Vitiligo is associated with autoimmune thyroid disease in approximately 20% of patients, which can be screened for with antithyroid peroxidase and antithyroglobulin antibodies (markers that often precede the onset of overt thyroid disease), thyroid-stimulating hormone, and T4 levels (Gawkrodger et al., 2010; Taieb et al., 2013). Repeat of appropriate diagnostic tests should be utilized based on presenting symptoms and signs. Although there is no cure for vitiligo, there are various treatments that can help prevent progression and induce varying degrees of repigmentation in patients. Unfortunately, results are variable, and patients should be educated to have realistic expectations given the chronic nature of the disease. Mainstay treatment options include topical corticosteroids, topical calcineurin inhibitors, narrow-band ultraviolet B phototherapy, excimer laser, and autologous skin grafts (Taieb et al., 2013; Whitton et al., 2015; van Geel et al., 2004). Of interest, suplatast tosilate, an immunoregulator, has been reported to be effective in a case series study (Nihei, Nishibu, & Kaneko, 1998).


In conclusion, this case of vitiligo is a valuable example of the benefits that teledermatology provides. Teledermatology proves to be a useful and powerful tool that allows dermatologists to remotely dictate the next step in patient care based on treatment urgency and the resources available.




Alikhan A., Felsten L. M., Daly M., Petronic-Rosic V. (2011). Vitiligo: A comprehensive overview: Part I. Introduction, epidemiology, quality of life, diagnosis, differential diagnosis, associations, histopathology, etiology, and work-up. Journal of the American Academy of Dermatology, 65(3), 473-491. [Context Link]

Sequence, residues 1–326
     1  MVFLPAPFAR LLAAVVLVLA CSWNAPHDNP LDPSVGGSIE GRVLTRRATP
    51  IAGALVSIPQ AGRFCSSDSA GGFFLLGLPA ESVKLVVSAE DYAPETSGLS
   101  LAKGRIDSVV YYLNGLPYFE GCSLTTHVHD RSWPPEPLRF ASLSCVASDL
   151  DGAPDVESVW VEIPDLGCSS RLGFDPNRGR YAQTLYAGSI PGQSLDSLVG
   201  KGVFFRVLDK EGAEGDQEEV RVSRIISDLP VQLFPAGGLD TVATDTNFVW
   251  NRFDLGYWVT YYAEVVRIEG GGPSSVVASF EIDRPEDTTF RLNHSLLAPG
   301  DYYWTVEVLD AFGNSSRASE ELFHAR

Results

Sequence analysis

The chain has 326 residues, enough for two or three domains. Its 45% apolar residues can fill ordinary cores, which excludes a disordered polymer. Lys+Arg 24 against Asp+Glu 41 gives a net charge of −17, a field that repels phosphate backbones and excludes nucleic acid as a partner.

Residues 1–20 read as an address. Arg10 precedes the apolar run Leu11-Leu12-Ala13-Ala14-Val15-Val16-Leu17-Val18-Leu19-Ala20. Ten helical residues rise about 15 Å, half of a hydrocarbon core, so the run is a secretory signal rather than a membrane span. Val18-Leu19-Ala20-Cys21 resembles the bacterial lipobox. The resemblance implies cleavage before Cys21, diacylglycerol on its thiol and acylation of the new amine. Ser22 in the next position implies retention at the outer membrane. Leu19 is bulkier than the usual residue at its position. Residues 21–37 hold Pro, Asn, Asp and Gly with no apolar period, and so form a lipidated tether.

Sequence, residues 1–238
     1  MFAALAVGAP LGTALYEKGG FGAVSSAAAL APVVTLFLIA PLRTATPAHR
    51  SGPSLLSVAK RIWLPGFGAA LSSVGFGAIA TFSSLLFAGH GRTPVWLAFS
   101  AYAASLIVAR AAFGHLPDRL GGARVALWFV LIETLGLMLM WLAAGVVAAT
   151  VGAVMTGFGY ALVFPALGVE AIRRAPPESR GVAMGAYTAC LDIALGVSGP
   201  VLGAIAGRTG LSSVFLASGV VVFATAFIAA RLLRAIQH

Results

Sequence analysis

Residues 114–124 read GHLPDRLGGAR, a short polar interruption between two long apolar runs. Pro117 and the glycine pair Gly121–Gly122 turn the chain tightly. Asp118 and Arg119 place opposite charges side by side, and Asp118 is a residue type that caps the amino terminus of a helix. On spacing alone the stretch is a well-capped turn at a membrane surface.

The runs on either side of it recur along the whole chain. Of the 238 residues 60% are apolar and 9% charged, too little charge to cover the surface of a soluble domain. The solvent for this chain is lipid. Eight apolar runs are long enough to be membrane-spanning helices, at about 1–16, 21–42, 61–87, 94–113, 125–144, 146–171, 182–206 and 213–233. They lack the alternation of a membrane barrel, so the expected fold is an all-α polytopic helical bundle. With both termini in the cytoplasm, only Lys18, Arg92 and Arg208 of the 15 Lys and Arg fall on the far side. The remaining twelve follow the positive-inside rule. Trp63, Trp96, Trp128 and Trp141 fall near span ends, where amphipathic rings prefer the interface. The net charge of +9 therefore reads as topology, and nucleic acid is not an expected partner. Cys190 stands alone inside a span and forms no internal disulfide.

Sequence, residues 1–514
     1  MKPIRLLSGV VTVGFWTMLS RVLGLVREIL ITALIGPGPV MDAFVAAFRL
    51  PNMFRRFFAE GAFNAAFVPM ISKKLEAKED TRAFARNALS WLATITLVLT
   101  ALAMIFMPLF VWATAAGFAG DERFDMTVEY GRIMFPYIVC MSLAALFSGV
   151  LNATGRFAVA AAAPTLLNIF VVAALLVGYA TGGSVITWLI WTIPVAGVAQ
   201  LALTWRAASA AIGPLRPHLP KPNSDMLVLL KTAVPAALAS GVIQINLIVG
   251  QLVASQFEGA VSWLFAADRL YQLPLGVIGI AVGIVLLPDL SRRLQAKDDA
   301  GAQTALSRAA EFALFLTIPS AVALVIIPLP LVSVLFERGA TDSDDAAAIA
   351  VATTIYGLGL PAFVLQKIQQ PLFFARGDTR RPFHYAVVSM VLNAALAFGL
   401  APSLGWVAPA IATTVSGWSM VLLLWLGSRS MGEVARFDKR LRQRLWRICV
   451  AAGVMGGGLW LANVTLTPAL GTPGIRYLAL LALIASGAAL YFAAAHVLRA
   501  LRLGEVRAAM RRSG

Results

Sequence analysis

Alkhateeb A., Fain P. R., Thody A., Bennett D. C., Spritz R. A. (2003). Epidemiology of vitiligo and associated autoimmune diseases in Caucasian probands and their families. Pigment Cell Research, 16(3), 208-214. [Context Link]


Gawkrodger D. J., Ormerod A. D., Shaw L., Mauri-Sole I., Whitton M. E., Watts M. J., Young K. (2010). Vitiligo: Concise evidence based guidelines on diagnosis and management. British Journal of Dermatology, 86(1018), 466-471. [Context Link]


Montes L. F., Abulafia J., Wilborn W. H., Hyde B. M., Montes C. M. (2003). Value of histopathology in vitiligo. International Journal of Dermatology, 42(1), 57-61. [Context Link]


Nihei Y., Nishibu A., Kaneko F. (1998). Suplatast tosilate (IPD), a new immunoregulator, is effective in vitiligo treatment. The Journal of Dermatology, 25(4), 250-255. [Context Link]


Roman M., Jacob S. E. (2015). Teledermatology: Virtual access to quality dermatology care and beyond. Journal of the Dermatology Nurses' Association, 6(6), 285-287. [Context Link]


Taieb A., Alomar A., Bohm M., Dell'Anna M. L., De Pase A., Eleftheriadou V., Picardo V.; Vitiligo European Task Force (VETF); European Academy of Dermatology and Venereology (EADV); Union EuropeCenne des MeCdecins SpeCcialistes (UEMS). (2013). Guidelines for the management of vitiligo: The European Dermatology Forum consensus. British Journal of Dermatology, 168(1), 5-19. [Context Link]


van Geel N., Ongenae K., De Mil M., Haeghen Y. V., Vervaet C., Naeyaert J. M. (2004). Double-blind placebo-controlled study of autologous transplanted epidermal cell suspensions for repigmenting vitiligo. Arch Dermatol Archives of Dermatology, 140(10), 1203-1208. [Context Link]


Whitton M. E., Pinart M., Batchelor J., Leonardi-Bee J., Gonzalez U., Jiyad Z., Ezzedine K. (2015). Interventions for vitiligo. Cochrane Database of Systematic Reviews, (2), CD003263. [Context Link]


1The standardized teledermatology reader report format is available for authors on the journal's Web site ( and on the submissions website online at [Context Link]